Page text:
chapter  11
30 Pages

Goal Setting: A Key Proactive Source of Academic Self-Regulation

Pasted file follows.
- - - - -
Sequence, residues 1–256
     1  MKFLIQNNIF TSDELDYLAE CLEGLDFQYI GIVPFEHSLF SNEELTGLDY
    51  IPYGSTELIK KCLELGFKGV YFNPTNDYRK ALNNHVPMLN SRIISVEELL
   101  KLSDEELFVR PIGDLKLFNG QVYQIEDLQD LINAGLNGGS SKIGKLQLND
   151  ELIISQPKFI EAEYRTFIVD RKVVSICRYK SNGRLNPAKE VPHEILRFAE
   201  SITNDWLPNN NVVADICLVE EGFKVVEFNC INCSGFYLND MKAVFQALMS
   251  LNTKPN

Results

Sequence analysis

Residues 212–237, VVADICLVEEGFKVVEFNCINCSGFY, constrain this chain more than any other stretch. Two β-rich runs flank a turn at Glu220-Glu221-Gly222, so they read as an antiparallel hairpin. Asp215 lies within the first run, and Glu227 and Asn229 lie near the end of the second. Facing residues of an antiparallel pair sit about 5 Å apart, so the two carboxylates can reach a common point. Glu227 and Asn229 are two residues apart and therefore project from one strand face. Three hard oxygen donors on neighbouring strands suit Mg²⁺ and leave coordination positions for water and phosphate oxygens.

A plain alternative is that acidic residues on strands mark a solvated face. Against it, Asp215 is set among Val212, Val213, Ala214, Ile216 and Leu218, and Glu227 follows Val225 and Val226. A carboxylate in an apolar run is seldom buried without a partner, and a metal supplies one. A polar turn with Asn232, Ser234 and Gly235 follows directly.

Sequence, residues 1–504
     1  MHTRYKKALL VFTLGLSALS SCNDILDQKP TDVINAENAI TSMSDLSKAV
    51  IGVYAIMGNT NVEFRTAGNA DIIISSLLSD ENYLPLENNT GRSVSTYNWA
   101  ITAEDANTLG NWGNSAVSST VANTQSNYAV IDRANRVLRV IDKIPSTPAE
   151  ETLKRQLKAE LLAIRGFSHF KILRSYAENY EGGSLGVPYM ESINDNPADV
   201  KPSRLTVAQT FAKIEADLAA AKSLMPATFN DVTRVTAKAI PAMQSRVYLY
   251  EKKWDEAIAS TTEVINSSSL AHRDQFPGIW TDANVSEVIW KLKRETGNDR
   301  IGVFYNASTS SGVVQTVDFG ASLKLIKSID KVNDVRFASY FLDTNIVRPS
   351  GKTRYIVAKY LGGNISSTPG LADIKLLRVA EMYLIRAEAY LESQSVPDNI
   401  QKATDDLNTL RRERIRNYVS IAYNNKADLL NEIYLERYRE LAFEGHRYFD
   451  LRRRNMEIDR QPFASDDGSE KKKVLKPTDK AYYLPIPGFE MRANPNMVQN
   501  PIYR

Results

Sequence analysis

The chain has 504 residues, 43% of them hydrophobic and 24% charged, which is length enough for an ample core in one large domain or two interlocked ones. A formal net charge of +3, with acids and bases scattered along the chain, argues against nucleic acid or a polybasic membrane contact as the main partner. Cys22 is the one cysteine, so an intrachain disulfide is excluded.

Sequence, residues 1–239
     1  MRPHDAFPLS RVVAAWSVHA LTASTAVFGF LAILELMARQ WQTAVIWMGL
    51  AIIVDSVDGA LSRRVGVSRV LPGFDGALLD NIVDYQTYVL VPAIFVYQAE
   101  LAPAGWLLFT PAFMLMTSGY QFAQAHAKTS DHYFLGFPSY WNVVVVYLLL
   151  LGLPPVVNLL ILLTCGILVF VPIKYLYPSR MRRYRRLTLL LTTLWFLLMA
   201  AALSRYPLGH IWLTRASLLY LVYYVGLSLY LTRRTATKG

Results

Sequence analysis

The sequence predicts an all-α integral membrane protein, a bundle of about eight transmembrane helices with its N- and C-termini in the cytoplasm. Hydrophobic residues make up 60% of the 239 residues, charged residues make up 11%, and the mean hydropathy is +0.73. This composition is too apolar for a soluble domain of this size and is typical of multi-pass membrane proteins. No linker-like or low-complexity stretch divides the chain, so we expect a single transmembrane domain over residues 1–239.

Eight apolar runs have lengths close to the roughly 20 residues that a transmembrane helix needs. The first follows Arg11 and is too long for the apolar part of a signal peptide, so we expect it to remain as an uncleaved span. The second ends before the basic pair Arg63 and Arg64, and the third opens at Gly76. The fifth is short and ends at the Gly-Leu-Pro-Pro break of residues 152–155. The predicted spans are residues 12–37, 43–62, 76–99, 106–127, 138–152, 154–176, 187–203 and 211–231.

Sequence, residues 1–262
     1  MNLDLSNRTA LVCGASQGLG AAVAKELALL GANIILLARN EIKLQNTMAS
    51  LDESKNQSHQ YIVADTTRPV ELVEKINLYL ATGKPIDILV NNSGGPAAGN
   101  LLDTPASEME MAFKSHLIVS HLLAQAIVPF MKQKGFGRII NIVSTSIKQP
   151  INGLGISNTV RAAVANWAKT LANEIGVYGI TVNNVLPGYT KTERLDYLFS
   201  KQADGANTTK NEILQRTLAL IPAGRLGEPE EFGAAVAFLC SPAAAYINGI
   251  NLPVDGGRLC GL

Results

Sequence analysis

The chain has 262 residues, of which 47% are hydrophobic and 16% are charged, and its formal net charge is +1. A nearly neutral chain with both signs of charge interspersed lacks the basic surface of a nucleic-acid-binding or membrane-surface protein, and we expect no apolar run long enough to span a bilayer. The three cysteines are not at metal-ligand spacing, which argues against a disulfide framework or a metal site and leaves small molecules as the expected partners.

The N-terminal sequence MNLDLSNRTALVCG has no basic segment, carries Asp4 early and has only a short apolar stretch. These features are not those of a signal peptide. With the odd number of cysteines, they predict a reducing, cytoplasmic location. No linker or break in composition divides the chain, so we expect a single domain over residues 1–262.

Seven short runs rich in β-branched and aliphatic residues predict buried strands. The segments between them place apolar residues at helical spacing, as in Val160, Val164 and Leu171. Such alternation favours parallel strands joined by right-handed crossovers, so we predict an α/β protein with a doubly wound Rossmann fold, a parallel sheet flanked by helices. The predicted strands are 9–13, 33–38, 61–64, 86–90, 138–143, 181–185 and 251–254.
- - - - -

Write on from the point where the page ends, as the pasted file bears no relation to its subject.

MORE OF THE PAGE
We are, in a very real sense, defined by the goals that we set for ourselves. Our goals commit us behaviorally to a particular standard or outcome: “A goal is the object or aim of an action, for example, to attain a specific standard of proficiency, usually within a specified time limit” (Locke & Latham, 2002, p. 705). This standard becomes a source of personal feedback about our effectiveness and self-regulatory control. The importance of goal setting to the attainment of one’s aspirations was first studied by Lewin and his colleagues (Lewin, Dembo, Festinger, & Sears, 1944). Today, there is an extensive body of research, encompassing diverse areas of expertise, indicating the importance of goal setting to one’s learning proficiency and performance attainments (e.g., Burton, Nayler, & Holliday, 2001; Locke & Latham, 1990; Schunk, 1989, 2001).